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Religion and College Admissions


An association of Christian high schools is suing the University of California system, alleging unconstitutionally biased admissions, according to a Chicago Tribune article. The UC system is accused of discounting core courses from Christian high schools because of their religious viewpoint. UC does admit that “the process of reviewing [high school courses] has become more regularized and rigorous over time,” according to Christopher Patti, counsel for UC.

The decision of this unprecedented case could have a large impact on curriculum—not only for California’s approximately 800 religious secondary schools, but also for religious high schools around the country. "If...the university prevails, then it seems to me to send a message across the country that a religious viewpoint at a religious school can get you in trouble,” said Charles Haynes, senior scholar at the Freedom Forum's First Amendment Center, a non-partisan foundation dedicated to free press and free speech. “That's a chilling message. That can hurt your graduates, and that is also a disincentive to go to a religious school.”


I object to the intrusion of religion in any aspect of secular life such as government or education. Let's keep the separation of church and state absolute. In my opinion, religion particularly the monotheistic religions have failed to prove that they can coexist with each other because of their doctrinal bias. History has shown that Judaism, Christianity and Islam while professing to believe in the same God have consistently killed and made war against not only each other but also one another. This can't be attributed to a beneficent God but must be attributed to doctrinal differences. It's more important to live a just and ethical life than it is to be doctrinally correct.

R. Spurgeon indicates he objects to "the intrusion of religion in any aspect of secular life such as government or education." As an American, you must know your history well enough to realize the country was founded on religious freedom. Not freedom FROM religion, but freedom OF religion. The Reformers who brought about the Enlightenment specifically denied the idea of a sacred/secular divide in life or in civic government.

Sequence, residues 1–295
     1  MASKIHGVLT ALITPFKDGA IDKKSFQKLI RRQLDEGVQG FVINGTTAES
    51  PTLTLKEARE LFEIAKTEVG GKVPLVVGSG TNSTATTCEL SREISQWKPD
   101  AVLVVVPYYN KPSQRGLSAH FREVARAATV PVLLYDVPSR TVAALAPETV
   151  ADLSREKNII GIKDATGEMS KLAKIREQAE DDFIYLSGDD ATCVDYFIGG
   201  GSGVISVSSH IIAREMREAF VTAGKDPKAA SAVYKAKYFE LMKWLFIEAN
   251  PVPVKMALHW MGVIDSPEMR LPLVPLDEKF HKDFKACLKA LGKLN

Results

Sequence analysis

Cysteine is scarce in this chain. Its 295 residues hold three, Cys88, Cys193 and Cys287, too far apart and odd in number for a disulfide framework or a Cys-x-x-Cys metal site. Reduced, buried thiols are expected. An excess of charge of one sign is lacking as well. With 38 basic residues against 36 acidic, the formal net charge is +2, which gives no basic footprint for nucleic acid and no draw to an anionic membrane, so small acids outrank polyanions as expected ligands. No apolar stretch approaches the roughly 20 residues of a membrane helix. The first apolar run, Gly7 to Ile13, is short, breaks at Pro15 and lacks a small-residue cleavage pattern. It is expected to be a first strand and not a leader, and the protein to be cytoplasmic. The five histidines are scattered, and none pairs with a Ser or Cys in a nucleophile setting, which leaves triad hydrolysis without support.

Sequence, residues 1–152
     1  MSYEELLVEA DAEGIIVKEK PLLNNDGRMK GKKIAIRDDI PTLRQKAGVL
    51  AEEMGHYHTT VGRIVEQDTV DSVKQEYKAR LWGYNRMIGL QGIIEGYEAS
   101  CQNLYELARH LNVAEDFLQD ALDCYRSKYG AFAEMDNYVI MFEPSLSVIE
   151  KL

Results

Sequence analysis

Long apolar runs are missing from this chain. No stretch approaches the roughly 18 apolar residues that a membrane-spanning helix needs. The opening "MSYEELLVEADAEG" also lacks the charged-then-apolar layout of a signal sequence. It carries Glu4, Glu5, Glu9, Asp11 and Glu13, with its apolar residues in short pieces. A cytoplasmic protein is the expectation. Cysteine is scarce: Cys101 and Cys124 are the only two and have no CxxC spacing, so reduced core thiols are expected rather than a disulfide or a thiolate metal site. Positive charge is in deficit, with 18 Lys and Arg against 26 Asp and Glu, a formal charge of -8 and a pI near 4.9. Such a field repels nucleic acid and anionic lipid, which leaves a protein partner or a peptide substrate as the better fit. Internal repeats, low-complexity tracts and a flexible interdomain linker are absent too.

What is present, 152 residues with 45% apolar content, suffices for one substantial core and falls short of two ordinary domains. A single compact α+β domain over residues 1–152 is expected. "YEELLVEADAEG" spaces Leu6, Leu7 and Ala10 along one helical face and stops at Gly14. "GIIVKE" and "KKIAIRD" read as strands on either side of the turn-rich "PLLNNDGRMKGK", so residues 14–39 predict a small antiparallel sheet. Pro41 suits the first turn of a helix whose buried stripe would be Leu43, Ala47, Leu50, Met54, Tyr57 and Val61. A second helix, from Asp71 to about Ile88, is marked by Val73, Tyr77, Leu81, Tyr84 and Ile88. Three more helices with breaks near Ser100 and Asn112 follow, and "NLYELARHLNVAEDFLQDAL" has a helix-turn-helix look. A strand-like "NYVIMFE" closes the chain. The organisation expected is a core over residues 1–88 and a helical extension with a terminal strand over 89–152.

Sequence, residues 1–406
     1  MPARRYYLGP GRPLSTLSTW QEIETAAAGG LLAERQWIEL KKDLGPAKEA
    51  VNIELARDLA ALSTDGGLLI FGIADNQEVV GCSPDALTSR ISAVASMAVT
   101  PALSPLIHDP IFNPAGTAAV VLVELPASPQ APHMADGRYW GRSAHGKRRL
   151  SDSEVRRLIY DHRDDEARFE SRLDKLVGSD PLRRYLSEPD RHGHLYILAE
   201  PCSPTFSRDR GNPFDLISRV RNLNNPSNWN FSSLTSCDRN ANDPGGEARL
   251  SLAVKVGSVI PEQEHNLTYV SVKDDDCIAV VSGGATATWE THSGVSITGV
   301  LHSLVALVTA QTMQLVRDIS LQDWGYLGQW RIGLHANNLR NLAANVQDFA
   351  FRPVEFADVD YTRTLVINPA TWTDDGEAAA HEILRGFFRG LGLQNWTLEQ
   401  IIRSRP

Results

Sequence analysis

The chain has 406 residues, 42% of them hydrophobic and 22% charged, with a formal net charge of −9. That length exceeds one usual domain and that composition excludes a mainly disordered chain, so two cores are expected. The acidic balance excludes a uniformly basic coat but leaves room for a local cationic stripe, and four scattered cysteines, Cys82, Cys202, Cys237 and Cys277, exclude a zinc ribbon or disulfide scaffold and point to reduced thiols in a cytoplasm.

That they went too far, and eventually just established an alternate established Church was why the US Constitution will not permit the establishment of a State church. Nevertheless, to argue the Constitution forbids any "intrusion" of religion into the "secular" world is completely incorrect.

I realize you did not say the "constitution" objects to religion in education-you did. But, the students aren't asking the UC system to accept their faith, or teach it. They are only asking for admission to the University on an unbiased basis. My take is simple: Read the Civil Rights Act of 1964, and the IRS Regulation 75-50 statements of the UC system. Both require admission without regard to-how does it go? "Race, religion, or national origin." The Christian schools have a very strong case against CA universities on the basis of the universities' own "non-discrimination" policies.

Acceptance without concern to religion is not the issue at hand. What the UC schools are saying is that all classes are not taught alike. As a teacher I have investigated books and teaching going on in religious schools that family members attend. There are many topics that are taught in public schools that are not broached in their schools. The UC schools are not discriminating, but trying to assure that the students are prepared to enter the college environment - that the students all have similar preparations and will therefore be on an even playing field.

I think we need to think about Emily's post. What on earth are the "many topics" that are taught in public school that are not broached in these religious school? And isn't admission/crediting supposed to be based on mastery of content and not on the context in which that content is delivered?

I think this clearly IS discrimination not even cleverly disguised. If the university were interested in a "level playing field," we would have to have a national curriculum, enforced in each school and classroom by teachers prepared in the same way, sharing (I would imagine) the same beliefs, and in some way or other, equally able. (This sounds like an advanced NCLB.)

I would guess that the fact is that students prepared in the schools referred to in the article are at least as well prepared as those that come from public/state schools (the alternative not mentioned in the article).

And this is not religion intruding on anything. I have the right to attend whatever school I wish, and I am responsible for getting the education that I need for my future. In fact, if anything is intruding it is the University of California when it tells me that I may lose credit if I attend a religious school. This seems like a much greater threat to the First Amendment than anything that exists at present.

Remember, as someone already noted, it's not about freedom FROM religion; the Constitution protects our freedoms, and one of those protected is religious freedom. I too would be opposed to a State Religion, something about as likely to happen as snow is Miami in August.